Ever more producers

Discussion in 'HOW TO JOIN' started by toaplan, Sep 20, 2005.

  1. baboon1972

    baboon1972 Troll One Of Us

    Haaalllelujah! Haaaallllllelujah! Hallelujah! Hallelujah! Halllllleeeeluuujah! See you on the inside my bretheren.\\:D/

    I don't think I can be bothered now.

    I'd like to thank everyone that made this possible. It was a team effort and in the end the journey was was what we'll talk about for ever after. I'd like to thank Clint amoungst others. And of course the CAN. It was pretty sweet. Oh, I think I'm going to do a *sniff* Gwinnie....... I LOVE YOU ALL!
  2. yellowdwarf

    yellowdwarf Troll One Of Us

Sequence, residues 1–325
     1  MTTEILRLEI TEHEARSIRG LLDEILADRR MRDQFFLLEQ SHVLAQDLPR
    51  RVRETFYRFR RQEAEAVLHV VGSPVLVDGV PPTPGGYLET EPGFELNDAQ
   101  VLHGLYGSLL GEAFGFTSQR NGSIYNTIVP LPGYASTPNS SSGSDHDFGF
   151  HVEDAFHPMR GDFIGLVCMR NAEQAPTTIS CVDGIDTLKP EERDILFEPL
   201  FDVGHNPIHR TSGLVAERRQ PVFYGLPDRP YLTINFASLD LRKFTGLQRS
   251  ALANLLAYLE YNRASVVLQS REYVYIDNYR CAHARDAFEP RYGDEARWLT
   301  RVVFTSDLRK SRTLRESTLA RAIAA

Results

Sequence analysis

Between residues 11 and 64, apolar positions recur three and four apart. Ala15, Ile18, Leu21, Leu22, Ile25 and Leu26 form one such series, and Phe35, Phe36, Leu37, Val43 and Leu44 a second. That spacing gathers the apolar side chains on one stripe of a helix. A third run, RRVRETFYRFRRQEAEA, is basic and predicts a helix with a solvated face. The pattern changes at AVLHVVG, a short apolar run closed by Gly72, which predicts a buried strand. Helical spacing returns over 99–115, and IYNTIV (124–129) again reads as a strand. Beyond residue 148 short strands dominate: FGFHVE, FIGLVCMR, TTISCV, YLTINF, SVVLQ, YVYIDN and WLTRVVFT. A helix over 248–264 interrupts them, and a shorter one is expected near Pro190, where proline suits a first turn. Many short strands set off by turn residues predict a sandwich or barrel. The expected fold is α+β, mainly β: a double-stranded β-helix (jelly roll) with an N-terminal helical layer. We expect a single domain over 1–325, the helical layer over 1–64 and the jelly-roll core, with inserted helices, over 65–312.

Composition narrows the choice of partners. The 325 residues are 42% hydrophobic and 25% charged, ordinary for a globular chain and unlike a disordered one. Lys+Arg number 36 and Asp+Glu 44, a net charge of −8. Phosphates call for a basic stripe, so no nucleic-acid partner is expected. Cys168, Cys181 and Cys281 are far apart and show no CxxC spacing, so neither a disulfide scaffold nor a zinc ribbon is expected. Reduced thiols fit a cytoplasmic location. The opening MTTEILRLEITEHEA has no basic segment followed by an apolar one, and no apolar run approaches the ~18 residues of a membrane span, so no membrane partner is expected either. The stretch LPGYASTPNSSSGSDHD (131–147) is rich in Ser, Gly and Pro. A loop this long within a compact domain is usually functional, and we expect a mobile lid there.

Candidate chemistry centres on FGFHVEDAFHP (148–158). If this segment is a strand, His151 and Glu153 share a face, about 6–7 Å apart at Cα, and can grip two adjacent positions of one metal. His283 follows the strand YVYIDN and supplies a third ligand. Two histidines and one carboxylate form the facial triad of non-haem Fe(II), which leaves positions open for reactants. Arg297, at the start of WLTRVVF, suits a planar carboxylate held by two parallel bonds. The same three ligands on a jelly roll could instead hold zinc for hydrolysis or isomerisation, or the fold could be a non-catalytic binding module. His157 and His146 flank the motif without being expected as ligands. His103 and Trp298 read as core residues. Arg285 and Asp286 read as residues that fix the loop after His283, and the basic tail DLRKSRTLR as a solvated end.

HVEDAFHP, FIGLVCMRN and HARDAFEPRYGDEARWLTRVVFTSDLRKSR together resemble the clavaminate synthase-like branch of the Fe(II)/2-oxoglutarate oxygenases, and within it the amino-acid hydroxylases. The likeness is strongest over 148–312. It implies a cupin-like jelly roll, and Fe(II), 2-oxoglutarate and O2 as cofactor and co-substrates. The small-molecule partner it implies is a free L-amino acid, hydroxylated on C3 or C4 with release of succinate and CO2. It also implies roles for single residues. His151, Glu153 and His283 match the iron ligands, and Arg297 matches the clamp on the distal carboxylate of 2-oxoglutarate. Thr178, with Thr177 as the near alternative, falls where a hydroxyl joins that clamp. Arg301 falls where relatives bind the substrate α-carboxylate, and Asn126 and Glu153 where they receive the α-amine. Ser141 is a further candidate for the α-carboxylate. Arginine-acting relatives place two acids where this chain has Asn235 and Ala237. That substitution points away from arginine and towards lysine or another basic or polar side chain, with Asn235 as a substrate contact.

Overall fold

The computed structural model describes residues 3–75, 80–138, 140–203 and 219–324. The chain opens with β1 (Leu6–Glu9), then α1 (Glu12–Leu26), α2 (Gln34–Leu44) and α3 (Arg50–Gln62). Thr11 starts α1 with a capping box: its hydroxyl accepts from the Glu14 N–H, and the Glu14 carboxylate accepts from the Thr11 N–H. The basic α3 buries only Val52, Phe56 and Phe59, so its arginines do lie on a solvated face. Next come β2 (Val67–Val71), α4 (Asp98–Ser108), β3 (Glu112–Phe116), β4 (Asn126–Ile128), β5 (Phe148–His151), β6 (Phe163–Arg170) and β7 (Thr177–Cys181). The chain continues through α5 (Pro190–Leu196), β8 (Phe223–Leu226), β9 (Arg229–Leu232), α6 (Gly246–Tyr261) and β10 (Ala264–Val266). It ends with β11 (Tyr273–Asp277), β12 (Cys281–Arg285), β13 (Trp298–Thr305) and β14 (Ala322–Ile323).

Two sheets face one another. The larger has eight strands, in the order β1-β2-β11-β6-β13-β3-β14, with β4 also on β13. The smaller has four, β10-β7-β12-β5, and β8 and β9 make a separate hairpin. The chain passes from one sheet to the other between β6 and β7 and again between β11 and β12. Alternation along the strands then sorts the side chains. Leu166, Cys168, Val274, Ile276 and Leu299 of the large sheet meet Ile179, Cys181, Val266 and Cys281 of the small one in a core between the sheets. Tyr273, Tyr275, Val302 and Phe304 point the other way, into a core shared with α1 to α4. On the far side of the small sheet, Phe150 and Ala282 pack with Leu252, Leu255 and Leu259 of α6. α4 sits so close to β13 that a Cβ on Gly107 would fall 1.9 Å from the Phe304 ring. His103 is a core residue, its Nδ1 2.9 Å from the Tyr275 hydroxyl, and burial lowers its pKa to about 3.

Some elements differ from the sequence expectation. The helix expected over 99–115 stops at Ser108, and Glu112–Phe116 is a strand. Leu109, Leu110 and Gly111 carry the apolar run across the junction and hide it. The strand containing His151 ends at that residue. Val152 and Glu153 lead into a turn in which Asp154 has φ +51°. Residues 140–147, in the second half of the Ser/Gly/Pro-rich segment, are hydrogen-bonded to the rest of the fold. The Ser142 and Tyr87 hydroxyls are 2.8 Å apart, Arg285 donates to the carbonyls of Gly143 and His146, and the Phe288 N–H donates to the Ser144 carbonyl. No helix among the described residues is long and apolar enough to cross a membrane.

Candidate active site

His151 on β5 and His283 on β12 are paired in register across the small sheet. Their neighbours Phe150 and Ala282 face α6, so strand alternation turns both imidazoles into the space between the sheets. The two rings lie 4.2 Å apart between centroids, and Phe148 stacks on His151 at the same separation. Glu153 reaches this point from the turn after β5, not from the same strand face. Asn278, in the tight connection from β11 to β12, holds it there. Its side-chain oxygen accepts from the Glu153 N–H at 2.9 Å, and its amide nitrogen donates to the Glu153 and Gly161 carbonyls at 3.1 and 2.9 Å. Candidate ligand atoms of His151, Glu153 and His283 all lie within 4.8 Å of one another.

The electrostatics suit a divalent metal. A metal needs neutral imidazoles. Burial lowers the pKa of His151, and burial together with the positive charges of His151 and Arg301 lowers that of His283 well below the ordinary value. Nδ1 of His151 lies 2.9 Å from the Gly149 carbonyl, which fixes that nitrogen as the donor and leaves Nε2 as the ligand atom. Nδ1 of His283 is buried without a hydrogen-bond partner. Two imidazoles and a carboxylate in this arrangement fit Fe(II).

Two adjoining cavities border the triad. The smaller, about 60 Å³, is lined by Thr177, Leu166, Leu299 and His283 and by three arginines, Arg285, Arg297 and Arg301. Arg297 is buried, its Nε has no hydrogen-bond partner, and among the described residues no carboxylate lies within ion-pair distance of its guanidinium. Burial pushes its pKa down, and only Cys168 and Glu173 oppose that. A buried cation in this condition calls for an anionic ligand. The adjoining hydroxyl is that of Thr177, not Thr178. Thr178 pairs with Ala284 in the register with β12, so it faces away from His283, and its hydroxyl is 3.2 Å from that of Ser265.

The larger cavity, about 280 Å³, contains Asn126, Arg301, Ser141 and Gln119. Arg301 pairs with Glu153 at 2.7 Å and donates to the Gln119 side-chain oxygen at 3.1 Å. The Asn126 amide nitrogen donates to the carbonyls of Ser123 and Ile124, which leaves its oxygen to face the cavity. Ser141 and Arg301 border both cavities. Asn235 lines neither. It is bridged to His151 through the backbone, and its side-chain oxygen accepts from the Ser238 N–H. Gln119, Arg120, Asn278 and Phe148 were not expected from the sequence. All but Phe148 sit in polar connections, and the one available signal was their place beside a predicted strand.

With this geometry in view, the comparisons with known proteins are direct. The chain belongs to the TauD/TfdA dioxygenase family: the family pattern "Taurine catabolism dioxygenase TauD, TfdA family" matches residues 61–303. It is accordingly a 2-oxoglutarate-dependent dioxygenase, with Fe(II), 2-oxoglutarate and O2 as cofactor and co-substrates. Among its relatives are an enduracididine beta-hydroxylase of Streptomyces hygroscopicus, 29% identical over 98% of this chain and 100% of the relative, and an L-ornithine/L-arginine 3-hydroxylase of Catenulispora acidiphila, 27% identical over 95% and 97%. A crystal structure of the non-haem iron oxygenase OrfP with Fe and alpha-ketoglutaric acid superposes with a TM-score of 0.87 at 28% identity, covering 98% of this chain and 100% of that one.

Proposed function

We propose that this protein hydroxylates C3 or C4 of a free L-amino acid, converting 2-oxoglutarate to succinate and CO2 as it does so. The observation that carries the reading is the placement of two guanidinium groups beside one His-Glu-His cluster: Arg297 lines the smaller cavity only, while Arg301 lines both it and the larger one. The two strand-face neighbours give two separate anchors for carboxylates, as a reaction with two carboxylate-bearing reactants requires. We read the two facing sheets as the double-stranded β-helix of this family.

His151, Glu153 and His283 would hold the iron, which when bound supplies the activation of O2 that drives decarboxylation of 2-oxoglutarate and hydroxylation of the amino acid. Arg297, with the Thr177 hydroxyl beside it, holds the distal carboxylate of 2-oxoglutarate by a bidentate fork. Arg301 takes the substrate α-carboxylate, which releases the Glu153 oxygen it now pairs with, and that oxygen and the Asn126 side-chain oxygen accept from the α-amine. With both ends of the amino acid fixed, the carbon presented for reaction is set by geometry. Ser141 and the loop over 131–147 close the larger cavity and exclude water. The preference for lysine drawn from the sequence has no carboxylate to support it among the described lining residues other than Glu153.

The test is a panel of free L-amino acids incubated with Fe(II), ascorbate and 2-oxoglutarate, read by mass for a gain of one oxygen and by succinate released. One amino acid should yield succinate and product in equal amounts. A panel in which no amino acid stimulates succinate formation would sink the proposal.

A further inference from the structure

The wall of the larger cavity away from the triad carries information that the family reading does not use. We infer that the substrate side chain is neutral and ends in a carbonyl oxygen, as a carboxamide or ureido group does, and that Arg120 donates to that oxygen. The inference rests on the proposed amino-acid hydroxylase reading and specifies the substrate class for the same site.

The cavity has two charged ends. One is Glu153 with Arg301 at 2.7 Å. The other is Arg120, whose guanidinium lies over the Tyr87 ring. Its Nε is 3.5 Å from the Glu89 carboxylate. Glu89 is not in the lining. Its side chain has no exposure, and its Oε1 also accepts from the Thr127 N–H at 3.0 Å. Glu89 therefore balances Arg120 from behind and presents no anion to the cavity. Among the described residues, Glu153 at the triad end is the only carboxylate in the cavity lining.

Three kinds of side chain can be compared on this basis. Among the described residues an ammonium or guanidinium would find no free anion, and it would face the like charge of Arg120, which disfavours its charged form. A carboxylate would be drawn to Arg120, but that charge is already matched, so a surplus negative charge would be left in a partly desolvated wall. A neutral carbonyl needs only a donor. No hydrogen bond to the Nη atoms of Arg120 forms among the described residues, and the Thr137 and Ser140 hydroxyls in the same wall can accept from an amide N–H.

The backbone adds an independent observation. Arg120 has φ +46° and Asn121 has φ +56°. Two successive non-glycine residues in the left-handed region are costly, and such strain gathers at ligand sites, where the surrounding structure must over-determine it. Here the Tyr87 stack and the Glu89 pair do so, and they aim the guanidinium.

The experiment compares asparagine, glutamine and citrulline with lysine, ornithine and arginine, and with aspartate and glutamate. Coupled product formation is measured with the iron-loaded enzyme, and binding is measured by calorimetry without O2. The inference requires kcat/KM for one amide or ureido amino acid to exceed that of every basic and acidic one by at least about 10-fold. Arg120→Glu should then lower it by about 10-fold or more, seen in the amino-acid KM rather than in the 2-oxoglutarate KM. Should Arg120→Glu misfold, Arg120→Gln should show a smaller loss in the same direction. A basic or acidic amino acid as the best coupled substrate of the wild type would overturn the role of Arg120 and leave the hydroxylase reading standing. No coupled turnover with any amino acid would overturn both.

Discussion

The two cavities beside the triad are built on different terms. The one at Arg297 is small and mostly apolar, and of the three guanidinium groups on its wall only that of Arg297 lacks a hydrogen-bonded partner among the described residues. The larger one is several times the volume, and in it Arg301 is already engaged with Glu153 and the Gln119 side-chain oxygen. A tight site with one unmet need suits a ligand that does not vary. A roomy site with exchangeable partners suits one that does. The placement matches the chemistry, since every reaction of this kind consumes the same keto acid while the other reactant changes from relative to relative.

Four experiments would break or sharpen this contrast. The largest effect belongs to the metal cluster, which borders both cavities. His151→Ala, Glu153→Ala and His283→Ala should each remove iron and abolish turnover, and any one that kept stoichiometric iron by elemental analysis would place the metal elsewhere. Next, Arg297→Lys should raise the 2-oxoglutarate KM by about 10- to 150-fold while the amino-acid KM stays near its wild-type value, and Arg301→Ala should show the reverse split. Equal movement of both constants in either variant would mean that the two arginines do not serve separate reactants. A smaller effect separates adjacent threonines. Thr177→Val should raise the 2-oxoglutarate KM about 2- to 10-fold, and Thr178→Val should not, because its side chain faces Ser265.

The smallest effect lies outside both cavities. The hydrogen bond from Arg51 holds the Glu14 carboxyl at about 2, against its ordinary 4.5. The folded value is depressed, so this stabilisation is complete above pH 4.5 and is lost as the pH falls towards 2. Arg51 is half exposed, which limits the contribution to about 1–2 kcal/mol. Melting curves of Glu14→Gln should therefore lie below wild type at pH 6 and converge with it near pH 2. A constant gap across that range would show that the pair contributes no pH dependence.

what about me...??

    Hey don't leave me!! What about me?? I'm totally legit!! Baboon, noooooooooo~~~
  3. PeterM

    PeterM (name subject to change) One Of Us

    Oh shit, they're breached the front gate! Retreat to the inner stronghold!

    (The Really Private Forums)
  4. Mathematix

    Mathematix Banned

  5. yellowdwarf

    yellowdwarf Troll One Of Us

    may the n00bs unite

    C'mmoooon n00bs, lets get them!!! :deadcrab:

  6. blueeyedboy

    blueeyedboy Will Wright One Of Us


    Oh wait a second I'm now in.

    Raise the drawbridge and man the battlements. Must stop all new invaders.
    • Thank Thank x 1
  7. clunt

    clunt Literate Troll Not From Round Here